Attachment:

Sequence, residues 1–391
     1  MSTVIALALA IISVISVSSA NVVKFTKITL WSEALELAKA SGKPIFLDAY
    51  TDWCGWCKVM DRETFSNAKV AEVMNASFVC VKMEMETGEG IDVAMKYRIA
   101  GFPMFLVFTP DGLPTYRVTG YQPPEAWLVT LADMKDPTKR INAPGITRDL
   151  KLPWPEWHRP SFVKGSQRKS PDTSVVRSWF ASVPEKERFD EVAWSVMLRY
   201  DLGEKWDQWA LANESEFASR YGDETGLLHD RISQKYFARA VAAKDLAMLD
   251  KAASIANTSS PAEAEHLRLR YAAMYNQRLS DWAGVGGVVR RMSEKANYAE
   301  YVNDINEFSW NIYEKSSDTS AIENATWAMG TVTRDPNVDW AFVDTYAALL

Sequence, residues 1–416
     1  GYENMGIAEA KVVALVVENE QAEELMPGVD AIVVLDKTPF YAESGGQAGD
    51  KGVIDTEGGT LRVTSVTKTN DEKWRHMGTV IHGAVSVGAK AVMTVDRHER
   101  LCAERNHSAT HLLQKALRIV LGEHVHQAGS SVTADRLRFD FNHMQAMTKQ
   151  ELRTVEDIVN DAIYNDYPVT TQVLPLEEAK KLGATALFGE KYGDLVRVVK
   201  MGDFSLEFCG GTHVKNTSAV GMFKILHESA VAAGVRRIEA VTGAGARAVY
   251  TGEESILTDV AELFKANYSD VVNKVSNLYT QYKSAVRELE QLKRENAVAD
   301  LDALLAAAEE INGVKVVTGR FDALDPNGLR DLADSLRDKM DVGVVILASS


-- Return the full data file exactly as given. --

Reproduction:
Sequence, residues 1–391
     1  MSTVIALALA IISVISVSSA NVVKFTKITL WSEALELAKA SGKPIFLDAY
    51  TDWCGWCKVM DRETFSNAKV AEVMNASFVC VKMEMETGEG IDVAMKYRIA
   101  GFPMFLVFTP DGLPTYRVTG YQPPEAWLVT LADMKDPTKR INAPGITRDL
   151  KLPWPEWHRP SFVKGSQRKS PDTSVVRSWF ASVPEKERFD EVAWSVMLRY
   201  DLGEKWDQWA LANESEFASR YGDETGLLHD RISQKYFARA VAAKDLAMLD
   251  KAASIANTSS PAEAEHLRLR YAAMYNQRLS DWAGVGGVVR RMSEKANYAE
   301  YVNDINEFSW NIYEKSSDTS AIENATWAMG TVTRDPNVDW AFVDTYAALL

Sequence, residues 1–416
     1  GYENMGIAEA KVVALVVENE QAEELMPGVD AIVVLDKTPF YAESGGQAGD
    51  KGVIDTEGGT LRVTSVTKTN DEKWRHMGTV IHGAVSVGAK AVMTVDRHER
   101  LCAERNHSAT HLLQKALRIV LGEHVHQAGS SVTADRLRFD FNHMQAMTKQ
   151  ELRTVEDIVN DAIYNDYPVT TQVLPLEEAK KLGATALFGE KYGDLVRVVK
   201  MGDFSLEFCG GTHVKNTSAV GMFKILHESA VAAGVRRIEA VTGAGARAVY
   251  TGEESILTDV AELFKANYSD VVNKVSNLYT QYKSAVRELE QLKRENAVAD
   301  LDALLAAAEE INGVKVVTGR FDALDPNGLR DLADSLRDKM DVGVVILASS